Facebook connects us but for those who struggle with social interactions the connections can amplify disconnects with main stream society. In an interesting piece on NPR featuring research from Ontario in Canada researchers found that:
People with low self-esteem posted far more negative updates than those with high self-esteem. Forest says they described a host of unhappy sentiments, from seemingly minor things like having a terrible day or being frustrated with class schedules to more extreme feelings of rage and sorrow
The effect was compounded by the perception of others on Facebook who disliked the type of negative comments, worsening the isolation. What does not appear in the piece but is in the actual broadcast with an interview with one student who had deleted his post he made a telling point, especially relative to middle school and high school age students. As he put it, at a time when children are moving away from the family, friends are more important and Facebook amplified isolation. It was not just about being "friended". The simple action of being tagged in a picture highlighted to you (and your peers) that you were "there". And for those that were not that they had not been invited. It used to be occasional discovery of exclusion from events - now your appearance, or more importantly lack of appearance, highlighted to the world your exclusion further disconnecting you from your peers.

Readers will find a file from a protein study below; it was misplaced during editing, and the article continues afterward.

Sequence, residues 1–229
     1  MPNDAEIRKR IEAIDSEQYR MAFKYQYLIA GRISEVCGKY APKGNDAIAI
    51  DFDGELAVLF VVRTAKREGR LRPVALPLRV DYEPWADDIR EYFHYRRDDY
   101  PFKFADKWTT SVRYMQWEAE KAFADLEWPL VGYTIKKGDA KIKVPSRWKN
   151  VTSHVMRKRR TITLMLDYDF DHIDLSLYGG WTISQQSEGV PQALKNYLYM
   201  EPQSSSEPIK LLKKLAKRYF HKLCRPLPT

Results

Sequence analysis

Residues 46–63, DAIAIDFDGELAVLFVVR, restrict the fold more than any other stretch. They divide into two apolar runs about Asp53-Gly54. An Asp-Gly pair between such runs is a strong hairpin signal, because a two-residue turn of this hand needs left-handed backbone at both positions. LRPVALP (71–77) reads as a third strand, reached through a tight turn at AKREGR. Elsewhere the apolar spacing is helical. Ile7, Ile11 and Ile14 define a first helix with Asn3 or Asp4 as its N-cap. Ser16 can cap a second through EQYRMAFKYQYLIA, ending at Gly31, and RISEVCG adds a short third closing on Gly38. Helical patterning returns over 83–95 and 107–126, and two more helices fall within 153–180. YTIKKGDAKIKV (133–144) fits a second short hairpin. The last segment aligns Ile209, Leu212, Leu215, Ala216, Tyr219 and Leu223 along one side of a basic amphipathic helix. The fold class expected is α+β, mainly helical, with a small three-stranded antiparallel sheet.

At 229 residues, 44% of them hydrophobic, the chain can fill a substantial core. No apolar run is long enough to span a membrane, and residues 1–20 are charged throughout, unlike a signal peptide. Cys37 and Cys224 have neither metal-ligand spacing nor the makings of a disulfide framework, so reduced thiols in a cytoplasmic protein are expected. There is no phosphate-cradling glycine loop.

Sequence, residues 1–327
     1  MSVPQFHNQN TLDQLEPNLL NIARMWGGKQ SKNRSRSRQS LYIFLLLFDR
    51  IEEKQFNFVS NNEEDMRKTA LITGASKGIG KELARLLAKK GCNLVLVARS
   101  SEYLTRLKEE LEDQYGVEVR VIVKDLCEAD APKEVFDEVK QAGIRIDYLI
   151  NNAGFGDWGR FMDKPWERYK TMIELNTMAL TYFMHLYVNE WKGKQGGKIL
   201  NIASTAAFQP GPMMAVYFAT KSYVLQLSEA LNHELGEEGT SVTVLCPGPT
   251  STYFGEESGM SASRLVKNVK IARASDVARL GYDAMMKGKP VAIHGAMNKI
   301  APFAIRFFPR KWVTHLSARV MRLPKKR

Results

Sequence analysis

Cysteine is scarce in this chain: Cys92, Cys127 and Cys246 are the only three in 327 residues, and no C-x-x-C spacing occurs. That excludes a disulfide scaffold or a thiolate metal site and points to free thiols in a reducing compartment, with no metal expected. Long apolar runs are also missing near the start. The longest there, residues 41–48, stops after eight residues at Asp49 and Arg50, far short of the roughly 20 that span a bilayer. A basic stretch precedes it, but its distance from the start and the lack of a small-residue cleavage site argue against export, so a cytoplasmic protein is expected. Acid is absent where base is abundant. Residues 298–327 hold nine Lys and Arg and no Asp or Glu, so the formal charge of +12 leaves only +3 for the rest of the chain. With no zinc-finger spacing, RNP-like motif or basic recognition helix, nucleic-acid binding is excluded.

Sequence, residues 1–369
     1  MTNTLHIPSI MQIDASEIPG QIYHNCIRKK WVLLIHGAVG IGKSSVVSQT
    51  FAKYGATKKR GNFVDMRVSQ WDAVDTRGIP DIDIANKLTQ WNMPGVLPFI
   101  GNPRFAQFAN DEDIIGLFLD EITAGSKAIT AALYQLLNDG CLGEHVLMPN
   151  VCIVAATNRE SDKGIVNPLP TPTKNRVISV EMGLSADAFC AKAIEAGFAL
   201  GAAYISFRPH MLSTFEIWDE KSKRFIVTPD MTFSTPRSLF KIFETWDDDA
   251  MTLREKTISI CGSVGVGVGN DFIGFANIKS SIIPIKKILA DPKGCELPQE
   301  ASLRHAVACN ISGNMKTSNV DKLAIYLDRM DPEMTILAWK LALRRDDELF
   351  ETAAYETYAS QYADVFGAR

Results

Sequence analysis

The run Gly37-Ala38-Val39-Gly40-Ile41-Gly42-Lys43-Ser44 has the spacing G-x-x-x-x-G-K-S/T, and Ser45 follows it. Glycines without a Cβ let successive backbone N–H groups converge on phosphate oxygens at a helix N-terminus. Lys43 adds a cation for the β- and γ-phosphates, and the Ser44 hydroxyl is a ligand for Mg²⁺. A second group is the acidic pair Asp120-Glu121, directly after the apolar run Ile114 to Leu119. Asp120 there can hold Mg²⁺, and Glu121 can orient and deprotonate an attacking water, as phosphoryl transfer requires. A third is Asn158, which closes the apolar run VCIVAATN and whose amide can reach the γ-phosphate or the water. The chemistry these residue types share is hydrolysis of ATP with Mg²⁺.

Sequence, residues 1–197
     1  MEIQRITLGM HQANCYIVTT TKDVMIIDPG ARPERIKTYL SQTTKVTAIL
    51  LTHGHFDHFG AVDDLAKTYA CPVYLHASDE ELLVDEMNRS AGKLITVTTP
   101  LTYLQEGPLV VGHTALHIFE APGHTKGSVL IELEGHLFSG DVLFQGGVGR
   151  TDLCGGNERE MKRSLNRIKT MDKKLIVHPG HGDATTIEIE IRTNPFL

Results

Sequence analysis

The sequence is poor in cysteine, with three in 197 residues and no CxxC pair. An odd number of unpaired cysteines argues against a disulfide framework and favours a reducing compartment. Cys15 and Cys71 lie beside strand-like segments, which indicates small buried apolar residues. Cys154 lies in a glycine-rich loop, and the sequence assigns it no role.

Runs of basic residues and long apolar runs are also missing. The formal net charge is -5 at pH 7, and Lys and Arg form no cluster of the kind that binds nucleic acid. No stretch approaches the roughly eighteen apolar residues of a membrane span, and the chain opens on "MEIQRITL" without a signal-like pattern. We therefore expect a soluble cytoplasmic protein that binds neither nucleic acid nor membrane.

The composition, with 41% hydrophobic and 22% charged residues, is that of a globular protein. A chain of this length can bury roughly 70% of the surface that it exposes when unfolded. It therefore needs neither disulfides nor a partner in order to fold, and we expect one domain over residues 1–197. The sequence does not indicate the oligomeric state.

So that makes me wonder how great an idea is for younger children in their formative years - is the age limit (ignored and certainly not policed) of 12 high enough?